CHAPTER 18 – WORD OF MOUTH

 .

Word of mouth is a form of promotion in which satisfied customers tell other people how much they like a business or service.

Word of mouth is awesome. You receive free referrals just for do- ing a great job. You can’t beat that. You can’t build a huge business from word of mouth, but you can certainly build a smaller, profitable one.

You can do some things to increase the word-of-mouth work you get. See the next chapter on referrals for more details. In my case, we were getting about 15% of our business from word of mouth, which was accelerated by our referral program and an ongoing planned strategy. We took every opportunity possible to leverage positive experiences into sales.

 

Most Valuable

Word of mouth is the most valuable promotion tool, according to the Word of Mouth Marketing Association (WOMMA). Yes, that’s a real thing! Can you believe it? There’s a trade association for everything these days. Here are some stats from the WOMMA:

1) Word of mouth drives 13% of consumer sales.
2) Off-line word of mouth drives sales five times as much as one paid media ad.
3) Word of mouth amplifies the effect of paid media by 15%.
4) Consumers trust a friend’s opinion over all other forms of paid advertising.

Check Out This Graph

This is an actual screenshot of my friend’s ResponsiBid account. He is a window cleaner with two trucks on the road and no referral program in place. He does zero advertising, and it shows in his graph.

 

Leads by Leadsource

 

Let’s break this down. During the time period of this graph, he got the following:

1) 62% of his work from word of mouth
2) 21% from Google SERP results
3) 13% repeat clients
4) 4% miscellaneous sources

There is something awesome about that. Now, don’t get me wrong, you’re not going to start getting referrals like this right away. It takes a while to build up your pipeline of customers. But the takeaway is that if you always do a great job and go above and beyond for your customers, the referrals will come.

 

The Three-Step Plan

Here is my three-step plan for you to start getting more free word-of-mouth referrals right away. Your company has two types of encounters with your clients: on-site and off-site. Encounters occur on the phone or by e-mail while scheduling and while on the job site as you’re completing the project. You can do any of these items in any order. Or do all three at the same time for maximum effectiveness.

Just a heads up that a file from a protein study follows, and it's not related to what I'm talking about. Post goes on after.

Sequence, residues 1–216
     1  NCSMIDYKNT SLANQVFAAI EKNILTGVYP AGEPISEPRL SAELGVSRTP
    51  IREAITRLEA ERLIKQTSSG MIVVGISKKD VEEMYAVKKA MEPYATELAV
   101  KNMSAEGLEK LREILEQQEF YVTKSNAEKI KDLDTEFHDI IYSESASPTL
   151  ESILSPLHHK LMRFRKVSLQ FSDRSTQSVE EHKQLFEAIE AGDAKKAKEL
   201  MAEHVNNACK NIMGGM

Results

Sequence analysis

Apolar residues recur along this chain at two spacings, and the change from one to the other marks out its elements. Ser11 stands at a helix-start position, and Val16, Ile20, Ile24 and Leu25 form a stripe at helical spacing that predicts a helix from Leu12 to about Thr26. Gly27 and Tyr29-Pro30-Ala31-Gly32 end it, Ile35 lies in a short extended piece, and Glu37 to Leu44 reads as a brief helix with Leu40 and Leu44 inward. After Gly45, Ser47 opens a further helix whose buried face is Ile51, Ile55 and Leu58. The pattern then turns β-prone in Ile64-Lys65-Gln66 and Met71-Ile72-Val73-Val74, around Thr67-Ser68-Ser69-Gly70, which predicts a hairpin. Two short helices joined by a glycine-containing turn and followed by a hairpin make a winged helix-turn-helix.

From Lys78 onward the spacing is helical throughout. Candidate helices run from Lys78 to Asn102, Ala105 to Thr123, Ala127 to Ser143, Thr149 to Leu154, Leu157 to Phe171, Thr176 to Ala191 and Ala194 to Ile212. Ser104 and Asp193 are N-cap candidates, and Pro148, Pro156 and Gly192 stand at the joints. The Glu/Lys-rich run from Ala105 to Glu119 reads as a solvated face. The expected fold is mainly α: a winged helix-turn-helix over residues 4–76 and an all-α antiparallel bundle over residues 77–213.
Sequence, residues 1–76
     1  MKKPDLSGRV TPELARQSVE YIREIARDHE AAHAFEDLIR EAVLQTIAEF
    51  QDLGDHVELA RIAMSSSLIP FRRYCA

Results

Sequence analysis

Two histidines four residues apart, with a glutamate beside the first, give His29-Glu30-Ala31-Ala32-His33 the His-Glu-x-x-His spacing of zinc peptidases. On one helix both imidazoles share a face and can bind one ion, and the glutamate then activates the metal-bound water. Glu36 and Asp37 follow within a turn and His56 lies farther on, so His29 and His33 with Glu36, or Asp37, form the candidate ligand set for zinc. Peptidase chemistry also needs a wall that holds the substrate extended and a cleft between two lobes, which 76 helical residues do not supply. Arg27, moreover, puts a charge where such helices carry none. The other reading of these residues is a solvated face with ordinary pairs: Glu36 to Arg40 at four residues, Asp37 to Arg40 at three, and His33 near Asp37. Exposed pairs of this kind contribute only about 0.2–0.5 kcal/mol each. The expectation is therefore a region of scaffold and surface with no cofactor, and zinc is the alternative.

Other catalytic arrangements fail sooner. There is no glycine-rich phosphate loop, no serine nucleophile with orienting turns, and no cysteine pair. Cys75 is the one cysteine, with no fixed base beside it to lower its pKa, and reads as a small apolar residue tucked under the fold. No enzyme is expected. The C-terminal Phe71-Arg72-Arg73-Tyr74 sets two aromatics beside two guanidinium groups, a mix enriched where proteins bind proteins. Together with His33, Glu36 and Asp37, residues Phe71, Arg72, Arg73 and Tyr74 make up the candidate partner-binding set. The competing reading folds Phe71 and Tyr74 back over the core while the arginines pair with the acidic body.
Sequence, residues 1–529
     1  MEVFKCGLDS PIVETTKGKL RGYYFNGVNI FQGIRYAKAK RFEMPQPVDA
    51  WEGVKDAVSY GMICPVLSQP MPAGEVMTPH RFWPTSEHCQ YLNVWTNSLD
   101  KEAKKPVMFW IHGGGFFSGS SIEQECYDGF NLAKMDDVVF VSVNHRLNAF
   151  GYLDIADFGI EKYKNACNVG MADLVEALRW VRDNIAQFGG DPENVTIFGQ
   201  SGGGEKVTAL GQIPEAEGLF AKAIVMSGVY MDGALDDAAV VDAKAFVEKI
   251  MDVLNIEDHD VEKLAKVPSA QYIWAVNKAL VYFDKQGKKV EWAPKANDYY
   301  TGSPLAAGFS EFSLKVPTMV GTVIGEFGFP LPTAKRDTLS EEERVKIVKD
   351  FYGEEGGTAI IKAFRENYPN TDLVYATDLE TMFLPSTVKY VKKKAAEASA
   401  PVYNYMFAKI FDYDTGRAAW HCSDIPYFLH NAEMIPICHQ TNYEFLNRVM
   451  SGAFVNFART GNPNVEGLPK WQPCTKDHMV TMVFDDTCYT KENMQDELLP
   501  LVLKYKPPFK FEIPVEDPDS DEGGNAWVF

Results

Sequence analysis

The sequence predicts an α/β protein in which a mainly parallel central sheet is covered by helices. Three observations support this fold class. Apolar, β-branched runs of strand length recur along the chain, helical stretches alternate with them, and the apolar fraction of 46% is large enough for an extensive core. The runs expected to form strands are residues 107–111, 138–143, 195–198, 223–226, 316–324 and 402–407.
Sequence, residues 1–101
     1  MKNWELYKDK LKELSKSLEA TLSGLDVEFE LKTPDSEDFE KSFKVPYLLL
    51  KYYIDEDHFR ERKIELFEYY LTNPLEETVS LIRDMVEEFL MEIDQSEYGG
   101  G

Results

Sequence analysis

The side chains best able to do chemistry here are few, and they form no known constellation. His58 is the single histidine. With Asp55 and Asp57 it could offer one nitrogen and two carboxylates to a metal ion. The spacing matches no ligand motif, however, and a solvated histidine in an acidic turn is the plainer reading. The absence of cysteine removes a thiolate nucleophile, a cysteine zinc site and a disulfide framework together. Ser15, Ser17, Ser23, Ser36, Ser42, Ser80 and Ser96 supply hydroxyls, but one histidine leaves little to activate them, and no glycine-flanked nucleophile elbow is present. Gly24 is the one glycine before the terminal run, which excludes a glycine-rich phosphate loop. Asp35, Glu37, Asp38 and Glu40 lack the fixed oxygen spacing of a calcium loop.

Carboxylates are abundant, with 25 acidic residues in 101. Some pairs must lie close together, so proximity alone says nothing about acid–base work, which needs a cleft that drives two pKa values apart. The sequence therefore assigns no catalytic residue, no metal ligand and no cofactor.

Step 1) Make a connection.
People like people who are like them. Find a way to relate to your client in conversation. It can be something you notice during the phone call with them or something you already know about them according to where they live. Or it could be something you’ve spotted around their house. Find anything possible to connect with them.

On the phone, mention something about their neighborhood, maybe another project completed nearby. On the job site, it’s

even easier. Talk about something from their home you know they value. Do they have a boat outside? Talk to them about how much you like fishing. Talk about anything; just make some sort of connection.

Step 2) Wow them.
Go the extra mile and do something they don’t expect. You could toss in a window for free or polish their light fixtures as a thank you. You could remember some intimate detail about their life. Heck, you could even remember their dog’s name and bring him a treat. You could leave them with a Starbucks gift card or bring them a baked good. This can be anything outside the normal service call. Surprise them in some small, positive way, and they will most likely talk about it.

Step 3) Bake it into your business processes.
Don’t leave this to chance. If you want to bring in a consistent word-of-mouth workflow, plan and budget for it. This is especially important if you are not on the job site yourself. Make it part of the on-site process, built into the supervisor’s on-site duties.

Make it part of his checklist of things he must complete on- site to consider a job complete. Maybe you have a line in your CRM or on your customer paperwork to capture the pet’s name. Maybe you have your supervisor armed with gift cards. Or maybe you just ensure he does one thing on each job site that is above and beyond the call of duty.

Whatever it is, you should make it a planned routine that must happen at each job. I promise that if you do, it will come back to you in spades. Consider the extra money spent or the extra time used on-site as an investment in your business’s future.